before you reach the top," Coene said.
He said rock-climbing is a sport that
people can perfect by either practicing
on their own or by watching others
climb and then sharing notes. It can
also be a social activity, because often
a group of climbers will suddenly
solve a problem as they watch a
climber tackle a specific route with
which they may have had difficulty.
Kenneth Kim, an LSA senior who
learned to climb about a year ago, said
that when he masters a route, the feeling
of accomplishment and fulfillment he

gets is beyond anything else. He prefers
top-roping to bouldering because of
knowing that he climbed to the top
rather than going around in circles.
"Climbing gives me a good positive
vibe," Kim said.
Regina Zajia, a Rackham third-year
student who has been climbing at the
Ann Arbor facility for six months,
said, "Climbing stretches my muscles
and I feel great after." Stephanie
Palmer, a Rackham student and long-
time climber, said that the great thing
about climbing is that it is one of the
few exercises where she uses all of
her muscles.
Coene said that climbing is an
overall physical challenge for both
men and women, but gender issues
surface in climbing. Women are natu-
rally better climbers than men
because of their balancing abilities.
Therefore they seem to pick it up
much more quickly - that is, after
they get over the initial trepidation of
going up and down.
Men, who rarely seem fearful about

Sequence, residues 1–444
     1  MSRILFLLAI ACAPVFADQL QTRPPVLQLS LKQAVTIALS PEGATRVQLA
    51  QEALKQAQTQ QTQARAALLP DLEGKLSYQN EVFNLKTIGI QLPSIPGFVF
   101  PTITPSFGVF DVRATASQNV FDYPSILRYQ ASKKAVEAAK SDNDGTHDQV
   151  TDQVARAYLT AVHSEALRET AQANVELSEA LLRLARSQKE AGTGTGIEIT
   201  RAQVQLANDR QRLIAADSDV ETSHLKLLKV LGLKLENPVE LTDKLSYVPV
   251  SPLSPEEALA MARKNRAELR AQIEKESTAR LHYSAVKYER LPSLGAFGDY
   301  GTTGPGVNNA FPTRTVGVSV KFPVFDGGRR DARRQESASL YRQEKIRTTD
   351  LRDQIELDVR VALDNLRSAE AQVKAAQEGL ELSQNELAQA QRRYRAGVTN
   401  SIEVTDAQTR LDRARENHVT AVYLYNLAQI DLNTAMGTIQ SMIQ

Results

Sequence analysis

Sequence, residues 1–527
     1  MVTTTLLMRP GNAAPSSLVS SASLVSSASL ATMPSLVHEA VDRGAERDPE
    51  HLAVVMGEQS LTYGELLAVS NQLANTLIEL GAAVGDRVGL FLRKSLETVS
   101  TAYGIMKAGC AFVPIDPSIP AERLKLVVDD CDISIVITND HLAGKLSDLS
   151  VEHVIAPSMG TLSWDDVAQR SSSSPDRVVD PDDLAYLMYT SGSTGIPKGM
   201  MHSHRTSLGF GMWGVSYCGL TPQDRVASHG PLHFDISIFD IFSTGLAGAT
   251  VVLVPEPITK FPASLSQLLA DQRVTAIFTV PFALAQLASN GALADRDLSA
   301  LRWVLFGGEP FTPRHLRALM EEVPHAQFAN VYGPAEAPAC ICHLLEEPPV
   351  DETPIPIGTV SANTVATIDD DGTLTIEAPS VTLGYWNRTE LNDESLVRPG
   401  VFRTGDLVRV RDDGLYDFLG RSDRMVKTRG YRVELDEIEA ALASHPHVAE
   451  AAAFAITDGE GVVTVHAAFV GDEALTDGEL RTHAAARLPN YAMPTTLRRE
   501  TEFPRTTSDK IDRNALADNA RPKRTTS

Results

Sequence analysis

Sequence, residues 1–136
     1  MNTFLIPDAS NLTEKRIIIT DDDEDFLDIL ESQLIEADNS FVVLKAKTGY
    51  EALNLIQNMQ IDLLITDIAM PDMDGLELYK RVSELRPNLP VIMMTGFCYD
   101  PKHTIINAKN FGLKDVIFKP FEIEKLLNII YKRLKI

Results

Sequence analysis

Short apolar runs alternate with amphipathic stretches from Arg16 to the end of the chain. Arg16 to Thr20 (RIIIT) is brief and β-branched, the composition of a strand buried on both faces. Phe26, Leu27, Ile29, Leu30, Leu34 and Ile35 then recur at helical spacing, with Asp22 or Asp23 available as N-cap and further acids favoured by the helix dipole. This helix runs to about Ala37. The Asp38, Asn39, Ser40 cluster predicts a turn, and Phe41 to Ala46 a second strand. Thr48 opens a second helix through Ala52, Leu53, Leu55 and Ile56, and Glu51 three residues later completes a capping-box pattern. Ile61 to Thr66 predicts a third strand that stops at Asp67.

climbing, tend to use their upper body
to hold themselves up, but in order to
be successful climbers, Coene said,
"they need to unlearn to use their
upper body and be reminded that they
have feet"
Coene admitted that there is not
much glitz to his facility, but cus-
tomers like it and keep coming back
because it is a'safe, nonthreatening
and friendly environment. When the
Michigan weather turns temperamen-
tal again and students need an indoor
activity, indoor rock-climbing is a
great way to keep in shape until it's
time to go outdoors again.

Some University students I

Courtesy of AAA

The Presque Isle Lighthouse Is one standout Michigan destination.

" "

itself be a final destination. Anyway,
begin the journey by driving north on
1-75, which is always a safe bet
because Ohio is less than an hour to
the south.
Most of the popular student desti-
nations in Michigan are reachable by
I-75. "There are the gambling casi-
nos in Mt. Pleasant that seem to
attract a certain number of students,"
said Dan Nolikowski of Regency